When faced with the decision if something is worth automating or not, the default reaction for most developers and product managers will be simple: estimating the time spent on a manual task, and comparing it with the time it would take to automate the task away. Whatever takes the least time wins. When building Offen, the decision of what to automate came up quite a few times as well, and I have realized that only looking at time spent might be a bit short-sighted.

Optimize for the ability to forget

Instead of purely optimizing for time spent, I think you can also optimize for removing mental overhead. Instead of having to do the mental bookkeeping (how do I run the build, how do I do a release or how do I update some license info) for all of these tasks you could automate them away and simply forget about the need to do something as well as its implementation details. This might not necessarily be cost-effective when looking at time factors only, but once you have actively forgotten about whatever you just automated away, it will let you think about problems you still need to solve in a more outright manner.

To give you a concrete example: Offen does need to keep track of the third-party code that is used and generate a NOTICE file to be included in the binary distribution bundle. This is something you could of course do manually: every time some dependency is added or removed (which honestly does not happen very often), you go and update that NOTICE file. Automating this is a complex task involving lots of custom scripting to iron out the multitude of problems modern dependency management brings. Yet, even though I would have never spent as much time manually updating the NOTICE file as I have spent automating this process, I have found doing it to be the right decision to make. Instead of having this backlog of mundane and simple tasks I need to do from time to time, I can solely think about what I can improve on the product. Instead of being a part-time bureaucrat, I can now be a full-time creator.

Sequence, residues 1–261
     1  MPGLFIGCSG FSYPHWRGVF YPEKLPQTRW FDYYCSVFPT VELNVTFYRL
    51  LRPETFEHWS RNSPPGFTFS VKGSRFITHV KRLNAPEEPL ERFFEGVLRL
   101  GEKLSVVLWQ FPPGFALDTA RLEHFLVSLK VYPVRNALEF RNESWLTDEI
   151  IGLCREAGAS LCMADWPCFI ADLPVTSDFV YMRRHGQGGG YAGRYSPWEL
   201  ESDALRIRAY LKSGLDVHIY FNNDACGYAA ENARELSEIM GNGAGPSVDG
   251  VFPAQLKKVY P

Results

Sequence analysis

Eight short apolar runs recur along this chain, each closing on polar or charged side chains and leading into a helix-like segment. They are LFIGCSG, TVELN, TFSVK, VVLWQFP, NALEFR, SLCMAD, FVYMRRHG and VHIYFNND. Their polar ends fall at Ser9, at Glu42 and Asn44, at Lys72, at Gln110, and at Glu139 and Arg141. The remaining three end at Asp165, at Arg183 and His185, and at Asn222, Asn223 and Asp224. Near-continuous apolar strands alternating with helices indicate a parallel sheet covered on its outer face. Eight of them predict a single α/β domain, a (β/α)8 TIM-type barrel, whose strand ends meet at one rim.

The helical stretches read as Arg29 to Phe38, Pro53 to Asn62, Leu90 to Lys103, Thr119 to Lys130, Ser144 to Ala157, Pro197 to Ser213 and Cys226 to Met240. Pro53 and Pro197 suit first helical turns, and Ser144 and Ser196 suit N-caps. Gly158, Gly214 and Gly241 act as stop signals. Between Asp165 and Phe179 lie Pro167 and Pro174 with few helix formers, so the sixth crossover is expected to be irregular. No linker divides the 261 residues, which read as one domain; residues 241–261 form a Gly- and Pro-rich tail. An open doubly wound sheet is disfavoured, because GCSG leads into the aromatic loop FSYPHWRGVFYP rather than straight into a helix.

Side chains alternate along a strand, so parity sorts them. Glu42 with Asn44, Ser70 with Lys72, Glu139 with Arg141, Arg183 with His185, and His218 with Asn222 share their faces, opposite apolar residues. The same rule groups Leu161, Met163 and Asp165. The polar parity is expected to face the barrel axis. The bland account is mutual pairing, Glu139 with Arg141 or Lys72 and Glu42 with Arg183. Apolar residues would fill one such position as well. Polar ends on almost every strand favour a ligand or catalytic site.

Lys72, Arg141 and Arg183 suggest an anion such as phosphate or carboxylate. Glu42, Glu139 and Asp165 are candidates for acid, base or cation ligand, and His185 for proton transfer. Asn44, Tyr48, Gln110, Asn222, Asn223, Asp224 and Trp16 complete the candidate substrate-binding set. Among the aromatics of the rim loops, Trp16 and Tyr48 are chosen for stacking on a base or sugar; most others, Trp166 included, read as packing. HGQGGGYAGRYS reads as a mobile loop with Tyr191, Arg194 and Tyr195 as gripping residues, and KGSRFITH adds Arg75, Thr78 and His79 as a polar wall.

Start early on

If you make optimizing for the ability to forget your guideline, it can help you get a project off the ground really quickly. Instead of waiting for the perfect moment to set up that CI pipeline that does your builds and your releases, you start off by implementing that pipeline. Once done, you can forget about it. In case you need to know how it works, it’s there in your codebase.

Looking at the time spent is only one aspect when deciding what to automate: do not making it your only guideline.